Treatment for Delayed Implant Infection

A gingiva-level implant (Fig.1 I) is placed immediately in the extraction site of the tooth #30 (*: remaining mesial and distal sockets after implantation).  There appears to be no bone growth in the sockets 4 month postop (Fig.2), although the implant is stable.  Clinically there is sign of infection (Fig.3 <) distobuccal to the implant (I).  Since the patient is asymptomatic, it feels that the infection may resolve by itself.  The abutment (A) is placed and impression is taken.  Fourteen days later, the infection remains (Fig.4) after seating the permanent crown.

The infection may be related to chronic infection at the tooth #9.  The latter is extracted, but the infection at the site of #30 does not resolve (Fig.5,6).  The buccal flap is raised to reveal granulation tissue distobuccal to the implant (Fig.7).  Bony defect and implant thread exposure are shown after debridement (Fig.8).  Irradiated cancellous bone graft is placed to the defect (Fig. 9, Rocky Mountain Tissue Bank).  The flap is closed with relative tension free.  The definitive crown is temporarily cemented.  The graft is exposed with no infection 2 week post grafting (Fig.10).  The distobuccal defect appears to have healed 5 months post grafting (Fig.11) and the crown is permanently cemented (Fig.12).  There is no buccal bone resorption, probably associated with immediate implantation.  The patient remains asymptomatic 13 months postop.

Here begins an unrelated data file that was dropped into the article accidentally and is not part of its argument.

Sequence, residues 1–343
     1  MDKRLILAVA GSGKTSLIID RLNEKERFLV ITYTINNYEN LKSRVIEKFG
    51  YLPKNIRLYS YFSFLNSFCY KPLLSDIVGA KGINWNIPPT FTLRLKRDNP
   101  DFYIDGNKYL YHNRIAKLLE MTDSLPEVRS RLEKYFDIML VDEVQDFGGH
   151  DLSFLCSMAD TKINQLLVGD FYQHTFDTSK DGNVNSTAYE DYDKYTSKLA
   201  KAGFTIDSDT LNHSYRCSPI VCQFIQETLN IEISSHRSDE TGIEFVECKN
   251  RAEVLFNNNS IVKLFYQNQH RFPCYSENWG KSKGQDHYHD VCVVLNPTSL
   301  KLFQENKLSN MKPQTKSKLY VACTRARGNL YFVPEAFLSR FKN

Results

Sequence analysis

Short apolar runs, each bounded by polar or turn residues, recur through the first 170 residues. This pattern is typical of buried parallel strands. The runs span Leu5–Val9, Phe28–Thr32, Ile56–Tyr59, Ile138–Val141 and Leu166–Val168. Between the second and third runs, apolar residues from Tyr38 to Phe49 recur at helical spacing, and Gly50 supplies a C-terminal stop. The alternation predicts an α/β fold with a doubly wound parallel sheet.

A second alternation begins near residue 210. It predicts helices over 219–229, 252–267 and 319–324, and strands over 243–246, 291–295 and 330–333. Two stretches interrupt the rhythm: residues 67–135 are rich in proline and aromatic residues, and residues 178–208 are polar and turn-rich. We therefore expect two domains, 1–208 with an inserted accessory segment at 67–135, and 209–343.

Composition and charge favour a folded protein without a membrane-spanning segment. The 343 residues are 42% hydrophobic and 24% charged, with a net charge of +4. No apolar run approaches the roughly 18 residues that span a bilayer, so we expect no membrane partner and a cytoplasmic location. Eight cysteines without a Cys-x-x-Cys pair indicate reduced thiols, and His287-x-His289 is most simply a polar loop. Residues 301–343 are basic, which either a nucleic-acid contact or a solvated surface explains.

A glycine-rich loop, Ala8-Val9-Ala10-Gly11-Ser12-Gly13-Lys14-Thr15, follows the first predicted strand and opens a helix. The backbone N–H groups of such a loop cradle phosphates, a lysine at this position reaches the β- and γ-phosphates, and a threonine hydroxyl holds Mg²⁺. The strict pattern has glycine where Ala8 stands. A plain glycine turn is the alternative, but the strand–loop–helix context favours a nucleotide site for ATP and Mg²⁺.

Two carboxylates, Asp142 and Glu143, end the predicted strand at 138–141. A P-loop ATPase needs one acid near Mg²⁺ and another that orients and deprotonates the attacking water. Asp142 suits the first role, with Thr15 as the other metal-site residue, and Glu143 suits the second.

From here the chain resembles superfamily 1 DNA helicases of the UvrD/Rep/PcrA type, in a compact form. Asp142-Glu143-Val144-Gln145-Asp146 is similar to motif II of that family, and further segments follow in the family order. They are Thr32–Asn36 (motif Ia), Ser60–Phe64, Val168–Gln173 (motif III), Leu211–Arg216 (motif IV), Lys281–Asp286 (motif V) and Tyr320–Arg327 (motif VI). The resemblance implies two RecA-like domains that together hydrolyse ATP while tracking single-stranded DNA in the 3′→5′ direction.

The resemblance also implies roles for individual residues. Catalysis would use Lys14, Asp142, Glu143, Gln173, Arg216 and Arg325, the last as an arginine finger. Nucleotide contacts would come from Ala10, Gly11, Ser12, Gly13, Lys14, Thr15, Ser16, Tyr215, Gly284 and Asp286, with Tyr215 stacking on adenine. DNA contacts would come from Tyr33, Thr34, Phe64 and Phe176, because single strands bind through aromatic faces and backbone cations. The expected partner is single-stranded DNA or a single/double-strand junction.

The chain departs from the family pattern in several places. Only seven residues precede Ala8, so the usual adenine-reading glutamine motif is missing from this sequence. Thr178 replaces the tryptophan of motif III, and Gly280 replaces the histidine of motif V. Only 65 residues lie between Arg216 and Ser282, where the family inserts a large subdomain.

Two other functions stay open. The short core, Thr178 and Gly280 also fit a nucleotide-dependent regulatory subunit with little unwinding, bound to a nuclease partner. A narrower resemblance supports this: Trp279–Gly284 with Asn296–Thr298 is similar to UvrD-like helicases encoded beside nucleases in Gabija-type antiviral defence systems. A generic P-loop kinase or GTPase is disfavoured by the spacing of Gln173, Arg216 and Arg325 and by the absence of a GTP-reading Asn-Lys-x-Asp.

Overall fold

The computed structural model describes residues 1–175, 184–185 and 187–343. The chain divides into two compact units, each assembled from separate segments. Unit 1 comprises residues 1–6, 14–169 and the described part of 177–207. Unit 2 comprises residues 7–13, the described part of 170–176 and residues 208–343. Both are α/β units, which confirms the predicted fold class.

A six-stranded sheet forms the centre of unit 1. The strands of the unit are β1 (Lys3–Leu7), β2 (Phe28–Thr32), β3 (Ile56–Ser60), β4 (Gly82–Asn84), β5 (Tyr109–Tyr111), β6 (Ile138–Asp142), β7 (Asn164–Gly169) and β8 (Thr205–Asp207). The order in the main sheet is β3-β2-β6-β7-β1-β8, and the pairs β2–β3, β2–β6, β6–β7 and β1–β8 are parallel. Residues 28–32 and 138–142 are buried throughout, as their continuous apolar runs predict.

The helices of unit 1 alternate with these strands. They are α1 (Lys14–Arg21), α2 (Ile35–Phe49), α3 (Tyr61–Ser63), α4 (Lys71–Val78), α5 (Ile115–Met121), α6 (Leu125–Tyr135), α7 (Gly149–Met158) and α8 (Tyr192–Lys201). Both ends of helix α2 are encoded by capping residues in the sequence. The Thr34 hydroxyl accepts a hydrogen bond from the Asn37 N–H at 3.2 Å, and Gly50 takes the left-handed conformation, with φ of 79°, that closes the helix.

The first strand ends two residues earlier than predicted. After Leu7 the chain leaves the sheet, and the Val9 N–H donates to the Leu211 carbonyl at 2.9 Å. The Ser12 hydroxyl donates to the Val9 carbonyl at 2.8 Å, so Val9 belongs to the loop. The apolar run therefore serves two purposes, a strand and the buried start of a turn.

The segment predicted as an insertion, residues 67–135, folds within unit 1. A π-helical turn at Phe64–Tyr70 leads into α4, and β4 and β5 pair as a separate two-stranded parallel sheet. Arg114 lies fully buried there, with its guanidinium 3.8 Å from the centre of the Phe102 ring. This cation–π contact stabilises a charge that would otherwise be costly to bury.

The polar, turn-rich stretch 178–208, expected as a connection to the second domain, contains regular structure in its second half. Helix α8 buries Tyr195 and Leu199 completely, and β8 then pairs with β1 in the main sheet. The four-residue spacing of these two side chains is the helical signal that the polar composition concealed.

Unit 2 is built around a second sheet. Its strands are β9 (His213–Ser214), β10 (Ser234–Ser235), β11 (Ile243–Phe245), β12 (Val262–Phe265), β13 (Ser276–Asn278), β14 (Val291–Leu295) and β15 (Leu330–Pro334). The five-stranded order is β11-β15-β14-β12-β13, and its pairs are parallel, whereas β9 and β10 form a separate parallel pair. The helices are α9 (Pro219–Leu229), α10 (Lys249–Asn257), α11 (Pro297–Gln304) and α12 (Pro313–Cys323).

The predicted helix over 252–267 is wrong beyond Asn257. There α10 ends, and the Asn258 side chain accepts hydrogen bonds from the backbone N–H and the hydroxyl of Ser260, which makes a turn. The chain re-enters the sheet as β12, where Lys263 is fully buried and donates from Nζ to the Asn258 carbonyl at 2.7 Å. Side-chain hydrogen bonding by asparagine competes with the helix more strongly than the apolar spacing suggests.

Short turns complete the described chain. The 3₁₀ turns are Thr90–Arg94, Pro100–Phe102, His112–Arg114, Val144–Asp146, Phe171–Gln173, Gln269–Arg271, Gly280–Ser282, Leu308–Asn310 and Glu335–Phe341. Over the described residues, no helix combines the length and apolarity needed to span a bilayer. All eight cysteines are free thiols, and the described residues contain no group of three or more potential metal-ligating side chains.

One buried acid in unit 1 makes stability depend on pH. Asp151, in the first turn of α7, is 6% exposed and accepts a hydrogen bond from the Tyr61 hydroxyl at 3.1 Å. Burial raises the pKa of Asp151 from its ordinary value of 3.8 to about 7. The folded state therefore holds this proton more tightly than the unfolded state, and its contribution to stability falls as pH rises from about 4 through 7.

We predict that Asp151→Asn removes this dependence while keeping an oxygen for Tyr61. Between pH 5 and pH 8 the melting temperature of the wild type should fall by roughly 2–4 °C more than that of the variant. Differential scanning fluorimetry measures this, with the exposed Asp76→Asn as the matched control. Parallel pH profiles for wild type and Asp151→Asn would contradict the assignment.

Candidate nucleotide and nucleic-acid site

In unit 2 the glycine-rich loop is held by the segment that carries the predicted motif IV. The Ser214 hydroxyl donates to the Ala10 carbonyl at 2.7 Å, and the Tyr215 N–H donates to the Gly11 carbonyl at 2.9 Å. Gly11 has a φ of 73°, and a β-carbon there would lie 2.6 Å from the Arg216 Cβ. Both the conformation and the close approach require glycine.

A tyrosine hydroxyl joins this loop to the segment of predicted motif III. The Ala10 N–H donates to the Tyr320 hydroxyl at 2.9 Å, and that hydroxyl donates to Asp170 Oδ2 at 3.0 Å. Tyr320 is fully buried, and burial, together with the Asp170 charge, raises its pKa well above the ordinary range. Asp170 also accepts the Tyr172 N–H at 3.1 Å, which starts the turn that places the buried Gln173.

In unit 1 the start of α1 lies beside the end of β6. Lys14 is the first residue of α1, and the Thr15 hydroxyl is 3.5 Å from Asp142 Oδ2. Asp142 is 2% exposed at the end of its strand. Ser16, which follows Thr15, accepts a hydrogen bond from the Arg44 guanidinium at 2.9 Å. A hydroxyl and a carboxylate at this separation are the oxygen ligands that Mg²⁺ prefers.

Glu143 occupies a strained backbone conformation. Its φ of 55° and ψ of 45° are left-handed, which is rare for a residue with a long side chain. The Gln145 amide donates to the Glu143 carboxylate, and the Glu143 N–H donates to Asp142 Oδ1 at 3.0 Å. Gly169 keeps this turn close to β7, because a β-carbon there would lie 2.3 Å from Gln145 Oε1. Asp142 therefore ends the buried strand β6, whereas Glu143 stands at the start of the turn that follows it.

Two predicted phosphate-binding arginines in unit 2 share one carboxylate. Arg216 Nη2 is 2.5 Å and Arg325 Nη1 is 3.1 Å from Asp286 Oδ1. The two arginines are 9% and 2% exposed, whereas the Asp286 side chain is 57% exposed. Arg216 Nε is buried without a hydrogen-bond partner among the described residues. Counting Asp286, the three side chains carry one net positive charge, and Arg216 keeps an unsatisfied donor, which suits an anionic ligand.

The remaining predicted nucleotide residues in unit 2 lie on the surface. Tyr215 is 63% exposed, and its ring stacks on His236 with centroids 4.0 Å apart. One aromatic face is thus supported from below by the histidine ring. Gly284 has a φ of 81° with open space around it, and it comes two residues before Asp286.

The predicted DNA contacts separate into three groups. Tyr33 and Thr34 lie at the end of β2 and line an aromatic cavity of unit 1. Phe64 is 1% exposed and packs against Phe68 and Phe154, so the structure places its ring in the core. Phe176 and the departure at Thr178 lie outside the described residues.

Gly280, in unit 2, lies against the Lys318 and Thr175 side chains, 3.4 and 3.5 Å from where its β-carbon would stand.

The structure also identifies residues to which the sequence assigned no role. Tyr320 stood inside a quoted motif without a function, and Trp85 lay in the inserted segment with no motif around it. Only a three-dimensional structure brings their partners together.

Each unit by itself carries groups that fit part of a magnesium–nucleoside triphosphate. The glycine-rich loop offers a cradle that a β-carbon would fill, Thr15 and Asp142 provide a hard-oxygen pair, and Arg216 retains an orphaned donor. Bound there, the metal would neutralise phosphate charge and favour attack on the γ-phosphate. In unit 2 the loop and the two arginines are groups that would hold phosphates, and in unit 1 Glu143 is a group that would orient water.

Retrospectively, the delayed implant infection should be handled surgically in a timely manner.  The abutment should not have been installed.  Without the abutment and crown, primary closure may be achieved after bone grafting, especially with a bone-level implant.

Bone Graft Lower Molar Immediate Implant, Immediate Implant Complications

Xin Wei, DDS, PhD, MS 1st edition 12/15/2013, last revision 12/20/2015